### Question 52. What is the Discrete Logarithm
Problem?

The *discrete logarithm problem* applies to groups. Given an element
*g* in a group *G* of order *t*, and another element *y*
of *G*, the problem is find *x *, where 0 *x* *t*
- 1, such that *y *is the result of composing *g* with itself
*x *times. The element *g* can typically generate all the elements
of *G* or at least a large subset by exponentiating (i.e., applying
the group operation repeatedly) with all the integers from 0 to *t*
- 1. The element *g* is called a generator if it can generate all
the elements in the group.

Like the factoring problem, the discrete logarithm problem is believed
to be difficult and also to be the hard direction of a one-way function.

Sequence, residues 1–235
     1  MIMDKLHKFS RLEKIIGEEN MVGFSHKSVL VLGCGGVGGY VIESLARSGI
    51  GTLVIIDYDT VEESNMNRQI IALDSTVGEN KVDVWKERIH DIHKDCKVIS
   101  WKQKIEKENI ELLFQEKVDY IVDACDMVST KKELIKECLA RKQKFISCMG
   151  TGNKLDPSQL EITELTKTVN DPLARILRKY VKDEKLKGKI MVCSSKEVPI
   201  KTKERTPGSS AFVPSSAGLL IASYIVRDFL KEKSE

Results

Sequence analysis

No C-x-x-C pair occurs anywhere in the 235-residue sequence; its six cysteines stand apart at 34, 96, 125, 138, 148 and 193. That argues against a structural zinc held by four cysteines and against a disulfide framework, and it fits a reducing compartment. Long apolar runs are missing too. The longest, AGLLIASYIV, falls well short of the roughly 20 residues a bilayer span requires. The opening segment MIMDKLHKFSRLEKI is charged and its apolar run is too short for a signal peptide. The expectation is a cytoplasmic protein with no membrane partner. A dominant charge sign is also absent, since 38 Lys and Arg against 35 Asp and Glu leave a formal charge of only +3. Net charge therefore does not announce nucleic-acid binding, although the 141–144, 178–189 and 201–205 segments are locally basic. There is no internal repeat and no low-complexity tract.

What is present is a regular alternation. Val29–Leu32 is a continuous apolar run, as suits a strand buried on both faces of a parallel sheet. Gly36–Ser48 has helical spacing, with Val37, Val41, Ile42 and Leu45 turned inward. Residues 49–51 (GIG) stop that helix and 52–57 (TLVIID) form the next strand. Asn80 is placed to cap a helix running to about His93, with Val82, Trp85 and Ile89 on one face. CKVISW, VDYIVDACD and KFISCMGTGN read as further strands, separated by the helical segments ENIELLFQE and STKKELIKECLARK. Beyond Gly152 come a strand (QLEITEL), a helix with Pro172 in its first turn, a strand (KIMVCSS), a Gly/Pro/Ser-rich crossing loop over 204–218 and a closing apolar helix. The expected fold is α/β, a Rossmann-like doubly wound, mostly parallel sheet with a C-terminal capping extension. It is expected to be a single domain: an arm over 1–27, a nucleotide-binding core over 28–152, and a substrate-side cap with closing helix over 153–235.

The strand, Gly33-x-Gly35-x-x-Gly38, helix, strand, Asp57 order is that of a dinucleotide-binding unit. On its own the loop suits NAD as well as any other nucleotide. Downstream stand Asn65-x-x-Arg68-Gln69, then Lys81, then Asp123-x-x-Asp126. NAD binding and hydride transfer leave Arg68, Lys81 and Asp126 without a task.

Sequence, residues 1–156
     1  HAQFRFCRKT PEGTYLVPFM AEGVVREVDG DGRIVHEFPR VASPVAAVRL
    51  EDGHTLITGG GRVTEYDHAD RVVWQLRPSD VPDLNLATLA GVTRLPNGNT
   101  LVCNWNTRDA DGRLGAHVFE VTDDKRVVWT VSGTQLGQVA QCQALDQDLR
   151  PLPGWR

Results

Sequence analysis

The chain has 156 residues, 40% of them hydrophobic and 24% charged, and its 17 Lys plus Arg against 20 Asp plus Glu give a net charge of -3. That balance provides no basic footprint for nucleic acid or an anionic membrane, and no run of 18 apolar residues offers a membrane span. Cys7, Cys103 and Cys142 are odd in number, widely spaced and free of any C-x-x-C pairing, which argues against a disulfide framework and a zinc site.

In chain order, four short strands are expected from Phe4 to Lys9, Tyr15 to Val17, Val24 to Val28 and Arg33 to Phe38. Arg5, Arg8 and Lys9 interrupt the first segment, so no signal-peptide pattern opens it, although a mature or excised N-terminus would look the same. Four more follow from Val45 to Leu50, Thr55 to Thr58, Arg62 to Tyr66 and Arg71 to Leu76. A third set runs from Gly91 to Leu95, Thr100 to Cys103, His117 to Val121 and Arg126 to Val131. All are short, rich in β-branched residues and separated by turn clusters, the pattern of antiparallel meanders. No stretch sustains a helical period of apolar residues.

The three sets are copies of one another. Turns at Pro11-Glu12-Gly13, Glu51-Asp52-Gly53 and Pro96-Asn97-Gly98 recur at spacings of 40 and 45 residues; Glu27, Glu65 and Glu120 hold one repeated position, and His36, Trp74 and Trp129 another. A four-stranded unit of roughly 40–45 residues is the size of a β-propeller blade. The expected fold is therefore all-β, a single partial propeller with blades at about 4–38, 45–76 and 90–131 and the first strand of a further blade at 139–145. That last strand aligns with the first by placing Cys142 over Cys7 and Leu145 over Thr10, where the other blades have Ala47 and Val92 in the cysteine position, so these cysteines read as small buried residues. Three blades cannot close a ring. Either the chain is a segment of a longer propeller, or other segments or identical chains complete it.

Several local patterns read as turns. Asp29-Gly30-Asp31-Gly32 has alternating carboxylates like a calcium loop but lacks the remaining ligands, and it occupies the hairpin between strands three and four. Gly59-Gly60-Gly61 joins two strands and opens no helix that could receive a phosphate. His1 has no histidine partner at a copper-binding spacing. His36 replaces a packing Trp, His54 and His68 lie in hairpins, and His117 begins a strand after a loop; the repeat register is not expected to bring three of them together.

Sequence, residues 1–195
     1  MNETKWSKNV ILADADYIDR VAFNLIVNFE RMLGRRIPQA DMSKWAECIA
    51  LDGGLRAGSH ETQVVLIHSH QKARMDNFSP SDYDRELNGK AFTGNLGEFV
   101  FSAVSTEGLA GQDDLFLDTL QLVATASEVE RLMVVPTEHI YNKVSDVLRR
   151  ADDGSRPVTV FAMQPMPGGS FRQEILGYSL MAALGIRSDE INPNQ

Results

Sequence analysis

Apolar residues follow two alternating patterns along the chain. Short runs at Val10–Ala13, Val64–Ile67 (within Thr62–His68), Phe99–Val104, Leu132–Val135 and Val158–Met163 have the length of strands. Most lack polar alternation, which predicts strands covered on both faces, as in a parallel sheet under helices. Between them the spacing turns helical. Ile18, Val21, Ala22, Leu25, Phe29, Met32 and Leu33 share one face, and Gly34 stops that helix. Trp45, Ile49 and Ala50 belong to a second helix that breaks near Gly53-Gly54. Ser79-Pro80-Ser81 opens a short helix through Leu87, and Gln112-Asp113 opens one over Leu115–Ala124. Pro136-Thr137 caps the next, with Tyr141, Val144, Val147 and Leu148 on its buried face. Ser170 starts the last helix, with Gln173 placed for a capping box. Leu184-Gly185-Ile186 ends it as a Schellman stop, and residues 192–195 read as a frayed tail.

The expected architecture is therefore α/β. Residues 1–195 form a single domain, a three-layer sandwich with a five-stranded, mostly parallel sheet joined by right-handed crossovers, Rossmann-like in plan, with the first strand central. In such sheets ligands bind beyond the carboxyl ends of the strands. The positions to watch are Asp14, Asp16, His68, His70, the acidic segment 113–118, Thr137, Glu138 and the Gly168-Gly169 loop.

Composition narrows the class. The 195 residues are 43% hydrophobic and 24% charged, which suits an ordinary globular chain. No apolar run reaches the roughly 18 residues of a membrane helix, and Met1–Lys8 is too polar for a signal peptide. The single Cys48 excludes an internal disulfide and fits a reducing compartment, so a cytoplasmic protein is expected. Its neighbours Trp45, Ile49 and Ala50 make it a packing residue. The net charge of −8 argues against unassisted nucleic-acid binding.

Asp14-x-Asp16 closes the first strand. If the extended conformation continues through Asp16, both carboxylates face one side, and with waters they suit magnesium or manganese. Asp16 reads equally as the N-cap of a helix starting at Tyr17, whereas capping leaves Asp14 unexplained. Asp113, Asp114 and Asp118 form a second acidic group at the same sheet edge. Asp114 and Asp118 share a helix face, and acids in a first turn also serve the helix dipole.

For this reason, it has been the basis of several public-key cryptosystems,
including the ElGamal system and DSS (see Question 29
and Question 26). The discrete logarithm problem
bears the same relation to these systems as factoring does to RSA: the
security of these systems rests on the assumption that discrete logarithms
are difficult to compute.

The discrete logarithm problem has received much attention in recent
years; descriptions of some of the most efficient algorithms for discrete
logarithms over finite fields can be found in
[Odl84]
[LL90]
[COS86]
[Gor93]
[GM93].
The best discrete logarithm problems have expected running times similar
to those of the best factoring algorithms. Rivest
[Riv92a] has analyzed
the expected time to solve the discrete logarithm problem both in terms
of computing power and cost. The discrete logarithm problem appears to
be much harder over arbitrary groups than over finite fields; this is the
motivation for cryptosystems based on elliptic curves (see
Question 31). In general, the running time for computing discrete logarithms
in arbitrary groups is , where *p* is the order of the group
[Pol74].